Thursday, January 26, 2012

New book praises Suu Kyi’s nonviolence


Thursday, 26 January 2012 11:58 Mizzima News

(Mizzima) – A new book “Evolving the Spirit – From Democracy to Peace” by Anthony Russell praises Aung San Suu Kyi as one of the leaders who uses a religious spirit in her efforts to establish democracy and peace in Burma.

Author Anthony Russell  Photo: thechandos.comAuthor Russell writes: “What fascinates me is the single belief-system that runs through all the great religions. Cut away the political fat and they all throb with a single spiritual beat.”

The book, launched by Burma Campaign UK on Wednesday, describes 10 steps to help reach peace, the understanding that once we change personally, none around us can remain unaffected. “This change can then ripple out to affect the world beyond,” said Russell.

“Taking the principle of non-violence to the wider world is even today political dynamite,” he writes. “Aung San Suu Kyi represents that spirit to perfection. There is nothing naive about her. She is sophisticated, knowledgeable and deeply grounded in her morality and common sense. She has every chance of leading Burma out of the morass in which it finds itself.”

However, the book carries a warning, made clear by Gandhi’s writings as well as his sudden demise, that nonviolence is not the passive, easy approach traditionally portrayed. To Russell, “It is as controversial and threatening today as in Roman times though just as relevant.”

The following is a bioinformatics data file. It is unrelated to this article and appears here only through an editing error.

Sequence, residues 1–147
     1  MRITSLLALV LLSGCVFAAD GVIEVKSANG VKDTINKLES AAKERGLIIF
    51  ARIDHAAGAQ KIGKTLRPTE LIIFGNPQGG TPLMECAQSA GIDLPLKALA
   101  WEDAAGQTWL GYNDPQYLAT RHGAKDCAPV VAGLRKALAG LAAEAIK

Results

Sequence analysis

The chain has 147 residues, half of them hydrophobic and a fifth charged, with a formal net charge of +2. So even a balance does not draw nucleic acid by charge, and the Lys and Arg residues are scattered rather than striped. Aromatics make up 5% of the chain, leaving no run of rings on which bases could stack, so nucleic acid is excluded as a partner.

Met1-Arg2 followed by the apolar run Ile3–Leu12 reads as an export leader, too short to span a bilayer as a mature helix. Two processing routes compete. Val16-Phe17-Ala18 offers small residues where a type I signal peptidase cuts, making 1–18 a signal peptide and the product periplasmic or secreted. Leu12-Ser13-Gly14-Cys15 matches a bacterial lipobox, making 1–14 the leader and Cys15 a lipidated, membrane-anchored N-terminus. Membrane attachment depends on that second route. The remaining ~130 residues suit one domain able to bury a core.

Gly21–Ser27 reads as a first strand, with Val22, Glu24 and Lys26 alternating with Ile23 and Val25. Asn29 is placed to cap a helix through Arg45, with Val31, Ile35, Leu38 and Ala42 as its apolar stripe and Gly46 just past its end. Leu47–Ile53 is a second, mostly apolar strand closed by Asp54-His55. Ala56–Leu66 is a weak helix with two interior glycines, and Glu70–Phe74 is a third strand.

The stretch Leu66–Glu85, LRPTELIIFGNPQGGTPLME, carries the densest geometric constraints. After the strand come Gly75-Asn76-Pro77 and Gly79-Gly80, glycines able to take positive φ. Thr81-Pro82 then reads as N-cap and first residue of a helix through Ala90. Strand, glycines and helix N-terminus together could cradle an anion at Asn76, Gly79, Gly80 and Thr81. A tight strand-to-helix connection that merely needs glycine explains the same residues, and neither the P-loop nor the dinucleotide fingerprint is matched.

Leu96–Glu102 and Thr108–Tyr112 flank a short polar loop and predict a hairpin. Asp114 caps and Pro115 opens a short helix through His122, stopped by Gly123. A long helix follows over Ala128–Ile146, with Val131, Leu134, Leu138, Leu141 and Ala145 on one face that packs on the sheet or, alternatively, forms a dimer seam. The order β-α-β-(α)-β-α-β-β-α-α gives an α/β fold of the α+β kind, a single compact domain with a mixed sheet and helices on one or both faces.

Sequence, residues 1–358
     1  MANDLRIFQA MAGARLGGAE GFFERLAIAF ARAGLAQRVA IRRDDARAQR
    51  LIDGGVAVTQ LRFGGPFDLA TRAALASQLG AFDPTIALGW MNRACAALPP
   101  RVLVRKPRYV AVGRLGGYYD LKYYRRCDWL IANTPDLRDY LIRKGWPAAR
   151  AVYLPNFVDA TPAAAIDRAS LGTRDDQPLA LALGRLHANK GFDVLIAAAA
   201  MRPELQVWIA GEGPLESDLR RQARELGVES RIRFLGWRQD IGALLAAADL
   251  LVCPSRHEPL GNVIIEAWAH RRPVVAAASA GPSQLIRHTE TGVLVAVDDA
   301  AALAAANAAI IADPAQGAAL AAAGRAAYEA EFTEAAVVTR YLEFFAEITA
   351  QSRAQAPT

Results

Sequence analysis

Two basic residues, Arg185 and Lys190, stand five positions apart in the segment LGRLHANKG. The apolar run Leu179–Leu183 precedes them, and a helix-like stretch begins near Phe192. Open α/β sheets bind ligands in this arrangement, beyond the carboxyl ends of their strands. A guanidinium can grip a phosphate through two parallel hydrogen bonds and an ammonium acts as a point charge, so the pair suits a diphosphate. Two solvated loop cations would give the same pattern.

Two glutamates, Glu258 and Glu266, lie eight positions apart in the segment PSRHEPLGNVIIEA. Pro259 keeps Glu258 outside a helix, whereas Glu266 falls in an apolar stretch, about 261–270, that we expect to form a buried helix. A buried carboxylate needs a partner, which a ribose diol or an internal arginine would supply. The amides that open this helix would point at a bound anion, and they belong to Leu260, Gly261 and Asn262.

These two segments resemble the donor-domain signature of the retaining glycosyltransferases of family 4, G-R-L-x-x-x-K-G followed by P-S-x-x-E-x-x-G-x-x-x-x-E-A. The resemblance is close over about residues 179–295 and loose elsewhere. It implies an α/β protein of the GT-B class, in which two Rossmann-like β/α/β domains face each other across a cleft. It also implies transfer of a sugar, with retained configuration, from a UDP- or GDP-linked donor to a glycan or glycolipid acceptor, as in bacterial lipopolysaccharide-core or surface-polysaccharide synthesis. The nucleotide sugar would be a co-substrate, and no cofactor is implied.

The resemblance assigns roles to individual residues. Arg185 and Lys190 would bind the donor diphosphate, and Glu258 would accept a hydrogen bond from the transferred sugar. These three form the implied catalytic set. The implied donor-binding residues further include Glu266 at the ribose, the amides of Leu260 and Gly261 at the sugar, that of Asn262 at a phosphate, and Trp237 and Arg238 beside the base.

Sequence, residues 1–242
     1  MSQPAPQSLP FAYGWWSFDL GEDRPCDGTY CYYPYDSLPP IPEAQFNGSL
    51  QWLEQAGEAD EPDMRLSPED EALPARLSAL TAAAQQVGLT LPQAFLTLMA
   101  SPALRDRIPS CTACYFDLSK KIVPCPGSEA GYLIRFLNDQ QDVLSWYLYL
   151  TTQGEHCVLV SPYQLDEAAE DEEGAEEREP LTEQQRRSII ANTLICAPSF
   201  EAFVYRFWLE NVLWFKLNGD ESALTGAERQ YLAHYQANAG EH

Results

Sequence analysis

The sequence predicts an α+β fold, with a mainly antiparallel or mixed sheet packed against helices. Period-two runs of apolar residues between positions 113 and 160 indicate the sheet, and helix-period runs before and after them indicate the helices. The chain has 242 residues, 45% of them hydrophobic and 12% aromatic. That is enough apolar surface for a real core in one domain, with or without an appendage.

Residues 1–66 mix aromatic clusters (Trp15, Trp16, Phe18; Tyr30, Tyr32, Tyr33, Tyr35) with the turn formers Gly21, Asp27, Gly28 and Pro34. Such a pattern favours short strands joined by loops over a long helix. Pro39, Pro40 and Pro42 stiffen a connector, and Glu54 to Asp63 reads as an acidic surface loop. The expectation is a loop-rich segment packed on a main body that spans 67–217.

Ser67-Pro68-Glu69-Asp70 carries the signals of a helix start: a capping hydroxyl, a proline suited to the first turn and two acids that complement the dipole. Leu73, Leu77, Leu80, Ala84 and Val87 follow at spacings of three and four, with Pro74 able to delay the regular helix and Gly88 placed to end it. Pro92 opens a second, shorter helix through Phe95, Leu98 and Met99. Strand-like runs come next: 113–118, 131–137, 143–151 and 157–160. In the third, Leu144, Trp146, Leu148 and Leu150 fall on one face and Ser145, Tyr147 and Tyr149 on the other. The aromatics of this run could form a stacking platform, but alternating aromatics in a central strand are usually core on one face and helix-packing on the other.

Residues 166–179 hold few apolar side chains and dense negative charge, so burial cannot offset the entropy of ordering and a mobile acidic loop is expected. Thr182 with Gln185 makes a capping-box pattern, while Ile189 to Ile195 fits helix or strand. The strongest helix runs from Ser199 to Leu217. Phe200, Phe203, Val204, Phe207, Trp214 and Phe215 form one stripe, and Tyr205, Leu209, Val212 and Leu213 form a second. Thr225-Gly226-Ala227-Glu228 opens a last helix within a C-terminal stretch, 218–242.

The book includes contributions from the BBC’s World Affairs Editor John Simpson, the conservationist Chris Darwin, and UK Foreign Secretary William Hague.

Russell has been involved with the Burma Campaign UK promoting awareness of human rights. A staunch advocate of nonviolence and an anti-war campaigner, he is a disciple of Mahatma Gandhi and has said he would like the West as to promote democratic principles more strongly. He believes that only strengthened international law, in the form of the UN, ICC and the IMF, can bring lasting peace.

All the great faiths of the world, he argues, share a “golden threat” of truth, which is all that really matters, as the rest is “mere politics.”

In “Evolving the Spirit',” he argues that peace in the world comes from international cooperation on one level but just as importantly, from each of us as individuals. Each person’s ultimate power is achieved by assuming the “dignity of the mature,” he has said, “acting not reacting,” having no enemies and not judging others or taking revenge.         

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